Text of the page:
,
Random
"K" for kiosk (part fifth)

ForgeWood Barn, Sham Farm Road, Danegate, nr Tunbridge Wells, Kent

Modern-day tea drinking (part five)

Harold I to Edward the Confessor (1035-66)

Chapel House Farm, Stonethwaite, Borrowdale, Keswick, Cumbria

Bedgebury Camping, Pattenden Farm, Coudhurst, Kent

James I(1603 - 1625)

Bay View Farm Caravan and Camping Site, St Martins, Looe, Cornwall

House of Canmore (1158 - 1153)

Tea in enghteenth centry (part four)

Modern-day tea drinking (part one)

Pinewoods Holiday Park, Beach Road, Wells-next-the-Sea, Norfolk

Henry's Campsite, Caerthillian Farm, The Lizard, Helston, Cornwall

Roundhill, Beaulieu Road, Brockenhurst, Hampshire

Downshay Farm, Haycrafts Lane, Swanage, Dorset

News from our friends
Stone handaxe
THIS small handaxe is one of the most beautiful in the British Museum. It is made from quartz with attractive amethyst banding, a difficult material from which to make tools because it is extremely hard. The toolmaker would have had to hit with considerable force and accuracy to remove flakes. Such a high degree of difficulty makes the thin, symmetrical shape of this piece a masterpiece of the toolmakers’ art.
Most Popular
Into the futureElizabeth II HAS REIGNED in a world moving swiftly thro...
Elizabeth II (1952 - )Princess Elizabeth Alexandra Mary was born at 17 Bruton...
Edward VIII and George VI (1936 - 1952)Edward VIII (1936) Edward, Prince of Wales, eldest son ...
George V (1910 - 1936)Edward vii's eldest son Albert died at the age of 2...
House of WindsorWhen Queen Victoria died in 1901, she left three genera...
Edward VII (1901 - 1910)Edward VII ('BERTIE' to his family) was born in...
A Queen in mourning  (1861 - 1901)Two days after Albert's death, Victoria wrote to he...
The Royal familyAs Victoria and Albert's nine children grew up and ...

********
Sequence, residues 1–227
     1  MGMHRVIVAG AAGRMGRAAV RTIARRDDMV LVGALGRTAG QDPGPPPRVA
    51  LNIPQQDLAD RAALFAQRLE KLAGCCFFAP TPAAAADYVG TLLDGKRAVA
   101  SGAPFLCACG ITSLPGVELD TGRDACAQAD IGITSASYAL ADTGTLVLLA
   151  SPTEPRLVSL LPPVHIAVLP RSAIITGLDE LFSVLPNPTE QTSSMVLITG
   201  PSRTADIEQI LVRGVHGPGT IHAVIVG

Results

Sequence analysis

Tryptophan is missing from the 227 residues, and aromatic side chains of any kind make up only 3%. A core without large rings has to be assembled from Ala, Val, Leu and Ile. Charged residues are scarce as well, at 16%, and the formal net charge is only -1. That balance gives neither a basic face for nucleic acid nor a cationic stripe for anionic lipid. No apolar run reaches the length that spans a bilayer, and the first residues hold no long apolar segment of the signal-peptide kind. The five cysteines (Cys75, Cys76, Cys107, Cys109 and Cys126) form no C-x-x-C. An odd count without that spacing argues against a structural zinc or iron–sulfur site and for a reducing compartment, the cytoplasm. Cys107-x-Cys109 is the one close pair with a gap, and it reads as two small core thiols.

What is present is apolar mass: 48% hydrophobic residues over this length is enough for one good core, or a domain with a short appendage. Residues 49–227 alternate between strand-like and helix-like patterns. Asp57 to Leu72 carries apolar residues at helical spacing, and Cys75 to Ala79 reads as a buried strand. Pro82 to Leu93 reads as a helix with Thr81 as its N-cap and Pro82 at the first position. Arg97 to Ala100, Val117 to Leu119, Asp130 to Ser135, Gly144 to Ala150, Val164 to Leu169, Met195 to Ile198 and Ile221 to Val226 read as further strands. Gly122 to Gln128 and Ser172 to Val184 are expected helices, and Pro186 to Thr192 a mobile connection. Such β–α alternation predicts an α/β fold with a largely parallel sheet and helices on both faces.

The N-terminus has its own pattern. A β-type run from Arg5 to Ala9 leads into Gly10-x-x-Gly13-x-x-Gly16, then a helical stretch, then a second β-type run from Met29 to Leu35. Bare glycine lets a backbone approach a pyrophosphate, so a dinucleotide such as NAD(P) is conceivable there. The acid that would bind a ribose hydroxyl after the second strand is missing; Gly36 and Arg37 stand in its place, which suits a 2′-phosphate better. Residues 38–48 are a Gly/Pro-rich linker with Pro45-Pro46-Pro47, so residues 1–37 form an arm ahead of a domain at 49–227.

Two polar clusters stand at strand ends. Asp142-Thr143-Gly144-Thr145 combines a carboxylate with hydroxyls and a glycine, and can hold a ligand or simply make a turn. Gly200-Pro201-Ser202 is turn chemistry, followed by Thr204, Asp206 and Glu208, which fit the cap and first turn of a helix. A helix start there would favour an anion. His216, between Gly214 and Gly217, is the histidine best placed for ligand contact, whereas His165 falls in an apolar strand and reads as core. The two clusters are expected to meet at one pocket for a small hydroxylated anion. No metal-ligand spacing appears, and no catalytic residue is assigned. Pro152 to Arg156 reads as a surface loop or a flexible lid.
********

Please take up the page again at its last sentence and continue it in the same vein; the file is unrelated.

Advertisement
Meeting and Greeting
 (голосов: 0)
When greeting a British person it is wise to keep your distance. Don't be over-familiar, don't assume intimacies you are not prepared to pay for. Some nationalities greet one another by kissing twice or even three times and embracing noisily. Avoid this in Britain: it may be mistaken for amorous advances or for attempted robbery.

The way to greet a Briton for the first time is to offer them your hand - the ends of three fingers is quite sufficient. There should be no more than three shakes up and down. Don't hang on or start squeezing the person's upper arm and patting them on the back - this is not British. The good thing here is that you need never shake hands with that person again or indeed touch any part of them until the time comes for them to leave (providing that they are leaving forever). In that case you may shake the hand again, this time adding a few extra ups and downs to express the deep bond of friendship you have formed.

Kissing is not normally permitted except in the case of elderly ladies. These will incline their heads slightly to signal that such a greeting is expected; you should respond by leaning towards their left side and kissing the air an inch or so above the cheek. Do not actually TOUCH the cheek with your lips.


Meeting and Greeting



Информация
Посетители, находящиеся в группе Гости, не могут оставлять комментарии к данной публикации.